TO THE EDITOR: Almost 100 4-Hers, along with more than 150 adults from Clinton, Essex and Franklin counties participated in our regional 4-H Horse Camp.
Horse Camp gives youth a place to practice horsemanship skills, explore careers in the equine industry and learn science process skills.
Thank you to the many organizations and businesses that supported 4-H Horse Camp, including the Agriculture and New York State Horse Breeding Development Fund, Griffith Energy, Fountain Brothers Post 1619 American Legion, the St. Regis Mohawk Tribe, Dannemora Riding and Driving Club, Champlain Price Chopper, Plattsburgh Price Chopper, Giroux Poultry, Green Mountain Coffee Roasters, Stewart’s Shops, Wal-Mart and Friehofer Outlet. Your support makes this event possible for our families.
Thank you, also, to the team of 4-H volunteers, including 4-H club leaders, 4-H alumni and clinicians, who planned, taught, brought in help and otherwise brought camp to life. You provided a positive example of how a team can work together to achieve great results.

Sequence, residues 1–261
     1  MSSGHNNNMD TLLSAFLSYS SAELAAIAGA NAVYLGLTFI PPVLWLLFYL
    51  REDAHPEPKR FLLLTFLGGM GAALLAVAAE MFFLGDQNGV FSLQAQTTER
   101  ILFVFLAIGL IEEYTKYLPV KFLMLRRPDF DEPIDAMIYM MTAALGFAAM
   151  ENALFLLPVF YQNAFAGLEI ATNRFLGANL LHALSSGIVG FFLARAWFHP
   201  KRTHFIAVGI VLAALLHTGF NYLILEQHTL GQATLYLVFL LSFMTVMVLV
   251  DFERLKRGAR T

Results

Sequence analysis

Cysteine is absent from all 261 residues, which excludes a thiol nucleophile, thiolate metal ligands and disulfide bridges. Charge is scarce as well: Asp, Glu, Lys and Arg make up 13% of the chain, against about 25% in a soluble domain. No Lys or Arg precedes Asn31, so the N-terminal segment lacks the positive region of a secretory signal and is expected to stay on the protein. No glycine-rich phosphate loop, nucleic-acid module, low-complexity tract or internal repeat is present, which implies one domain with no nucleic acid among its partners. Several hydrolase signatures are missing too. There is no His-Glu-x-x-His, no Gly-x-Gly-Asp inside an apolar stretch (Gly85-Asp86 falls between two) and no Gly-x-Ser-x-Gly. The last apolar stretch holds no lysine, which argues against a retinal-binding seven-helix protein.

TO THE EDITOR: The United States is the only rich nation in the world that doesn’t provide free or inexpensive comprehensive health care to its entire population.
Fifty million Americans have no health insurance; most of them are relatively poor, and one-third are ages 18 to 34. These numbers have risen steadily since the 1970s.
Those without health insurance die younger; work less, due to chronic health conditions; and face persistent personal/financial problems caused by illness. When forced to seek treatment, they get it too late, and the costs of treating neglected disease and injuries are high.
Because of this, premiums for people with insurance have increased significantly since the 1980s. Rising health-care costs is the principal cause of soaring federal budgets.
Americans pay more than 17 percent of the Gross Domestic Product for health care, more than any other nation; yet our health-care system is not measurably better and is often considered worse than those of other rich nations.
After 60 years of failed proposals, the Affordable Care Act will provide coverage for almost all American citizens, bringing health insurance to approximately 32 million more Americans. Half of them will be covered by an expanded Medicaid program. The other half will be subject to an individual mandate requiring them to sign up for (at least) a minimal insurance plan or pay a penalty. Most parts of the act go into effect in 2014 except for the prevision that any child today may stay on a parent’s insurance plan until age 26, which already has 2 million more young people insured.
Conservatives resent the individual mandate, and if the Supreme Court overturns the mandates (a decision due in June), there are other options to persuade millions of Americans to buy insurance.
J. S. WATERHOUSE